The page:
The following illustration shows a part of a node tree with two main branches. The direct descendant of the left branch has been hidden (by a user), while the node of the right branch is visible.

Content node tree with a hidden subtree

Suppose that you hide a folder containing all your products. Both the folder itself and the products will not be shown on the front-end of the site. Then you can, for example, update price information for the whole shop before revealing it to site visitors once again.

Keep in mind that visibility is applied to nodes, not objects. If you hide one location of an object, its other locations might still be visible.

Visibility statuses

"Visibility status" refers to whether a node (and content located below it) should be displayed and if not, whether it has been explicitly or implicitly hidden. A node has one of the following three visibility statuses: "visible", "hidden", or "hidden by superior".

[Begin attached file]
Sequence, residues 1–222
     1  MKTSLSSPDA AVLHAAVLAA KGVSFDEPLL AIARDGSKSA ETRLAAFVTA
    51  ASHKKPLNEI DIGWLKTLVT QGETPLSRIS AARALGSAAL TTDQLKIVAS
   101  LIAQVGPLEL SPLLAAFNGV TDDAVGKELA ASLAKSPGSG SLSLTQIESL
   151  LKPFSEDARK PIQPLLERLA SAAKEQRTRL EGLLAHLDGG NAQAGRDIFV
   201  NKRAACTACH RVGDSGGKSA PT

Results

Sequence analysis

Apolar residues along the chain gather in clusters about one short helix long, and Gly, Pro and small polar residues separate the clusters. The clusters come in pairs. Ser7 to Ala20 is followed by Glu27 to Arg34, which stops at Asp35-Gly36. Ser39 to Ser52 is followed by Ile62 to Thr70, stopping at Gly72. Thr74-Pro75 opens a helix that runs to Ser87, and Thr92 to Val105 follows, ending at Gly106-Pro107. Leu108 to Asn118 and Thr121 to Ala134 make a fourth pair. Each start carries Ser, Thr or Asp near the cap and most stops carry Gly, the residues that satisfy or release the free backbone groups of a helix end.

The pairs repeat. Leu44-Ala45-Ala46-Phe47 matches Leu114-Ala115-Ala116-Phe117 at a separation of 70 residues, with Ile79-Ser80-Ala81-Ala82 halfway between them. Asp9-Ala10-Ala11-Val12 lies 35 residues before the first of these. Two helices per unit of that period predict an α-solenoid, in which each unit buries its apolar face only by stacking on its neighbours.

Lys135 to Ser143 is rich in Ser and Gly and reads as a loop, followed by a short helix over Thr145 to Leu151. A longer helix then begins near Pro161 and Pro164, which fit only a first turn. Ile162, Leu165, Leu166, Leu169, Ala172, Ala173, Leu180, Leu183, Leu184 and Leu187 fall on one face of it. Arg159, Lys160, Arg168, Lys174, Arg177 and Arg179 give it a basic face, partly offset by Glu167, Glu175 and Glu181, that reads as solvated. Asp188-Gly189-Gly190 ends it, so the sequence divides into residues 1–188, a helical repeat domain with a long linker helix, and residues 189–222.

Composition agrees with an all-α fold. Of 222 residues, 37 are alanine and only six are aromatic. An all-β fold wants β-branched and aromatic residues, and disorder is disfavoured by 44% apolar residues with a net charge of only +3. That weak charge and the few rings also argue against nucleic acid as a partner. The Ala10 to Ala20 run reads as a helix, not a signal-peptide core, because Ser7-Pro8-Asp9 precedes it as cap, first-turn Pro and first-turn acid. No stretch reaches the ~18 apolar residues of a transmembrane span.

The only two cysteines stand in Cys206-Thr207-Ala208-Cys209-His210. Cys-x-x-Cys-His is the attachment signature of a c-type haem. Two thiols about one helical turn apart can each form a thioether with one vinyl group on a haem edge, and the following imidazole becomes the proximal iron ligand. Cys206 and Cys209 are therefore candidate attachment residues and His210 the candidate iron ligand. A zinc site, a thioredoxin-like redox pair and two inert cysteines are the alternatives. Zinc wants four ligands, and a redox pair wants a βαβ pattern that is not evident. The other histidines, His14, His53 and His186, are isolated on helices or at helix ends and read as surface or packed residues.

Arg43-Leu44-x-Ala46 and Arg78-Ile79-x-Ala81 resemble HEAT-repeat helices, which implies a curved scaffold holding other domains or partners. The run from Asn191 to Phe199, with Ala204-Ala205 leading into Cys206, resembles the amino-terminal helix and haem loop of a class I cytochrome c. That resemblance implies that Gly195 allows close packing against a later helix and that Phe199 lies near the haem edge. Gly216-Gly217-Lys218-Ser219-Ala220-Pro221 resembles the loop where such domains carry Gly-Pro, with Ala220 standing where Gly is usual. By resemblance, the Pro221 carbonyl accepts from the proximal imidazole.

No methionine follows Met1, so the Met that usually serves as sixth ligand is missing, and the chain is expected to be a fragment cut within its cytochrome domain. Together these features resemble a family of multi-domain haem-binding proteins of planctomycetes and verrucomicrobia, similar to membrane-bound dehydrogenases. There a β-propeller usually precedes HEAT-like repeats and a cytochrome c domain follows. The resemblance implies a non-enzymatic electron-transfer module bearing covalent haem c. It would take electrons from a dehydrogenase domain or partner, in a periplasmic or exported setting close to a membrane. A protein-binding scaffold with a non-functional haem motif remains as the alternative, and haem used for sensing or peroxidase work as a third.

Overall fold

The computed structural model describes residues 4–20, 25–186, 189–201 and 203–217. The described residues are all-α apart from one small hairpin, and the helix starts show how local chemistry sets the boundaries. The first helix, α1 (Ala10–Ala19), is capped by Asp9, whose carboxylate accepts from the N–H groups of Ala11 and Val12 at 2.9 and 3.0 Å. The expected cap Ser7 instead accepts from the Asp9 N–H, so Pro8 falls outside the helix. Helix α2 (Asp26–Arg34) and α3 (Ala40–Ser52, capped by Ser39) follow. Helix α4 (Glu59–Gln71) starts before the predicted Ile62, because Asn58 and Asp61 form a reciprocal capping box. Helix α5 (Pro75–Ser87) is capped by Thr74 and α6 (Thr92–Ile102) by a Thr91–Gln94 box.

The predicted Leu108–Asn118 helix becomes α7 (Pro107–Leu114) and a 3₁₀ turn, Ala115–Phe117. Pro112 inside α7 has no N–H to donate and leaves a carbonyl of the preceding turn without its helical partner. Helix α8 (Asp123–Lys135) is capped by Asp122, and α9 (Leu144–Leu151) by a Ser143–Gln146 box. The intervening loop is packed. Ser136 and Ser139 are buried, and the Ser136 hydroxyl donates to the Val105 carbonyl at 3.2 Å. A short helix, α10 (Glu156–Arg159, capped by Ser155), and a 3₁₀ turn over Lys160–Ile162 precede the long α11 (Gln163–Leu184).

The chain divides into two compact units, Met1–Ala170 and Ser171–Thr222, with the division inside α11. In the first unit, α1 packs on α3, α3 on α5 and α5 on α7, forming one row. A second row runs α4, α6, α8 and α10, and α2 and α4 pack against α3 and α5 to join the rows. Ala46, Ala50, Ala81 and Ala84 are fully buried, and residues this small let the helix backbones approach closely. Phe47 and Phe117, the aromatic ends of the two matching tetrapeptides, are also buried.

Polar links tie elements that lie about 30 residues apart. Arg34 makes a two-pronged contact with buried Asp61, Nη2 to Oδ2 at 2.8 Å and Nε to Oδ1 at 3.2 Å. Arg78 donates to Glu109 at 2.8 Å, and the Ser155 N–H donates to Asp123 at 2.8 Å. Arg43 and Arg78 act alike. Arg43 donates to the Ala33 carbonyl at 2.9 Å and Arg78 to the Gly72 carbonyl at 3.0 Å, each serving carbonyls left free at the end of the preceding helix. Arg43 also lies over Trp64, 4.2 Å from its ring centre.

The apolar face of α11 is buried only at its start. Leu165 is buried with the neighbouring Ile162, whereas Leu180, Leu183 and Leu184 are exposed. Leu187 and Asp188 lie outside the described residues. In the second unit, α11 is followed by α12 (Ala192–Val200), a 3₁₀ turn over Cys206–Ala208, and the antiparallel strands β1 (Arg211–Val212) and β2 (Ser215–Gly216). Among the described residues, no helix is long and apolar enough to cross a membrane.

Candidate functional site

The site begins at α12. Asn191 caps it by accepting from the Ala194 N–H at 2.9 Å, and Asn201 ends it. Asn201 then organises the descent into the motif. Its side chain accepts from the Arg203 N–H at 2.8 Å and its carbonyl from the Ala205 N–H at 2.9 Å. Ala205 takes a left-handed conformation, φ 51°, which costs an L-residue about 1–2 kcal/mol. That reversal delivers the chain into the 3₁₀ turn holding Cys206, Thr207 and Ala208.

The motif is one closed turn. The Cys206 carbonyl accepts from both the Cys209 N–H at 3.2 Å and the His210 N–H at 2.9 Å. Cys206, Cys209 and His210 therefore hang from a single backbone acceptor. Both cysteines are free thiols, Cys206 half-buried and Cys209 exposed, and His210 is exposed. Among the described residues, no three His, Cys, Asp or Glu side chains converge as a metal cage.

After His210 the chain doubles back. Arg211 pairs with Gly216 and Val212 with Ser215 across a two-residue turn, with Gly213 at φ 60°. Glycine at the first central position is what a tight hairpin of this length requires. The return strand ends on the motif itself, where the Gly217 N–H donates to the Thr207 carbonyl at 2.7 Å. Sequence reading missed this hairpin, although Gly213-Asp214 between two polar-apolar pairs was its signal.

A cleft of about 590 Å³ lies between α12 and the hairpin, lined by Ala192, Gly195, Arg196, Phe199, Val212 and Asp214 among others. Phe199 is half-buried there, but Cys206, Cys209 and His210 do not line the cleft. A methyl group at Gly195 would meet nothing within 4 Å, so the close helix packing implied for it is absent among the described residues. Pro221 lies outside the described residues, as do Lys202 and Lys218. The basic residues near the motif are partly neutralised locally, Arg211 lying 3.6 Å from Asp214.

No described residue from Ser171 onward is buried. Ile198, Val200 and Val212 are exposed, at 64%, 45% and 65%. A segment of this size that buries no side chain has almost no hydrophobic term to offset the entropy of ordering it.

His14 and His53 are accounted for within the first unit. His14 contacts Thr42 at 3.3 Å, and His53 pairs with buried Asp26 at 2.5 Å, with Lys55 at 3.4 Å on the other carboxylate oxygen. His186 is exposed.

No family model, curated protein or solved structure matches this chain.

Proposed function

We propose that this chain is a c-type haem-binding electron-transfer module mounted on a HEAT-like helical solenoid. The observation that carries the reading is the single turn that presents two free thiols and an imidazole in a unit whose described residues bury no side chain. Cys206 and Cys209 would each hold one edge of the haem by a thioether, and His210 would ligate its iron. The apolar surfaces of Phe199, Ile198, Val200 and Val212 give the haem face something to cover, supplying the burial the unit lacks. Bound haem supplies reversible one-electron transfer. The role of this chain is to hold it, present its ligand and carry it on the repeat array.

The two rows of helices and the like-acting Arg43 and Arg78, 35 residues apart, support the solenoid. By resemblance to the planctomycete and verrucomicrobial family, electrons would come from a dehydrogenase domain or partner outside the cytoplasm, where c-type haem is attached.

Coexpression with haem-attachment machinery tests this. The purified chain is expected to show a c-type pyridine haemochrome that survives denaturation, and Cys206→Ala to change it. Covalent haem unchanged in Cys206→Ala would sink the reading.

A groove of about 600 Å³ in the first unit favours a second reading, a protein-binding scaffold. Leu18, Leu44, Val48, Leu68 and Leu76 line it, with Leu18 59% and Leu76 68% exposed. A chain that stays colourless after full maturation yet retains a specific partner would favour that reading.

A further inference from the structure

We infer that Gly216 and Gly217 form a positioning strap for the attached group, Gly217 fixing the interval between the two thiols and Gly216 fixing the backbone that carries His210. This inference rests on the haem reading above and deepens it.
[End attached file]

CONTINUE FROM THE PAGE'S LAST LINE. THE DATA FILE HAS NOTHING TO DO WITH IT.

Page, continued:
Nodes with the "hidden" or "hidden by superior" status are not displayed on the front-end of a site, although there are different reasons as to why they are not displayed (as explained in the table below). Because the end result is the same in both cases, the terms "hidden", "invisible", "not shown" and "not displayed" are all commonly used to describe nodes with the "hidden" and "hidden by superior" statuses.

The table below summarizes the visibility statuses:

Visibility status Description
Visible This is the default status. When the node is accessed, the object encapsulated by this node is displayed.